In a wrongful death suit,the insurance agrees to pay policy limits before trial, can I refuse it and still go to trial?
Wrongful death and survivors suit. The insurance company decided to pay just the policy amount. My lawyer is telling me we can't continue the suit and must take the settlement. Now I find out that Medicare and the lawyer are the only ones getting any of the settlement. I feel like I've been duped. Why do I have to settle for the policy amount when the lawyer was asking way more than that. Can I just refuse to sign any paperwork and say that I want to go to trial?
Ethics -- You state you already have retained counsel. That ethically prevents any reputable attorney on Avvo - or anywhere else for that matter - from weighing in. Professional ethics prohibits interference with an existing established attorney client relationship.
This site is not here to provide a forum to second guess your attorney.
Schedule an appointment to discuss this with your attorney. If you are not pleased with the settlement offer, go through all the reasons why with your attorney. Your lawyer represents you and your wishes as client.
I understand Attorney Brinkmeyer's unwilingness to advise you when you have your own lawyer, but I think that I can give you some information within the bounds of ethical conduct. Your attorney can't help it if there is a limited insurance policy and that Medicare has a legal right to be reimbursed. In such circumstances Medicare generally will work out a compromise that will leave some money for the victim. Unfortunately your attorney can't guarantee that. Medicare won't negotiate until after you decide to settle the case. Whether your attorney is obligated to continue representing you if you refuse to accept what he or she considers to be the best offer depends on what your retainer contract says. You need to have a full conversation with your lawyer to get more complete information about these issues. Before you insist on taking the case to trial you also should know what the expenses are liable to be and whether there is any realistic chance of collecting a judgment in excess of policy limits. Sometimes half the loaf is the best you can do.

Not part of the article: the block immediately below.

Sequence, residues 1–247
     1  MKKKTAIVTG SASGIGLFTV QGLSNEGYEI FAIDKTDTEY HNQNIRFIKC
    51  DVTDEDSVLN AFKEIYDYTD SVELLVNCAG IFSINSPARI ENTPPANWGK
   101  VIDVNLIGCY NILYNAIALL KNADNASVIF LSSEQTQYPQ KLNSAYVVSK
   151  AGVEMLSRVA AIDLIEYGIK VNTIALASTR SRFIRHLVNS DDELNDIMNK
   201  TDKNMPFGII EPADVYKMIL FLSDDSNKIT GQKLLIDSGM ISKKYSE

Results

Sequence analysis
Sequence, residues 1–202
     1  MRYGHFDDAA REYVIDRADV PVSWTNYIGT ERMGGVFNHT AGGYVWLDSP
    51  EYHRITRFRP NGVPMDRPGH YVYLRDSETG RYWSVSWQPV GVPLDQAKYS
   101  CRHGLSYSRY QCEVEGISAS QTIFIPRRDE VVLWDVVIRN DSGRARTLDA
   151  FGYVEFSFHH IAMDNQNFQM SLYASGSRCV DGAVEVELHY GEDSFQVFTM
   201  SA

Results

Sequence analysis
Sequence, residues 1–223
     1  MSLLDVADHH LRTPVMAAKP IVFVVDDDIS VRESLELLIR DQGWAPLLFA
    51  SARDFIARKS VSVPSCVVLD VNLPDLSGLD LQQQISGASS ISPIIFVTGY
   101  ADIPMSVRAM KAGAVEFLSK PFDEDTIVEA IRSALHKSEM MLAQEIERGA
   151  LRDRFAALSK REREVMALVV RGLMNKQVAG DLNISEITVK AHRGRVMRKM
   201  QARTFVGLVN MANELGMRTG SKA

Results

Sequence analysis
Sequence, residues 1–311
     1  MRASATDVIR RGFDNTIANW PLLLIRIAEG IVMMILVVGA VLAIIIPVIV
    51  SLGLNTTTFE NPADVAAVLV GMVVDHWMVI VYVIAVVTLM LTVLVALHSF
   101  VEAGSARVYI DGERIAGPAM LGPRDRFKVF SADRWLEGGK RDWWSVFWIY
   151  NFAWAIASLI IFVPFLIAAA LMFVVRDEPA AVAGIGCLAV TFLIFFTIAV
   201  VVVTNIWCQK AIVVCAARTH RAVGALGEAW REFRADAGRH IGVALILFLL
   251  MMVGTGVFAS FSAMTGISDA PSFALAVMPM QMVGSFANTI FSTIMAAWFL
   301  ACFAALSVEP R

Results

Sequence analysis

There are two issues for you to consider in this situation. First, how winnable is the case? and the second issue is, how collectible is an excess judgment? (a judgment for more than the policy limits.) If there are liability issues, then that needs to be considered in your decision because you may not recover the same amount at trial as is being offered. Second, even if the liability issue is solid, the next question becomes how collectable is an excess judgment. This is often the real critical issue for people in your situation. If the defendant has no assets to satisfy the judgment or can bankrupt the excess judgment, then you can find yourself incurring a lot of trial expenses and still only recovering the liability limits of the defendant's policy. Many times trying to collect on an excess judgment is like chasing the wind.
Since you have an attorney who is a lot more knowledgeable about the facts of your case, you should consult with him or her about these issues and any other issues that he or she believes supports the recommendation to accept the liability limits.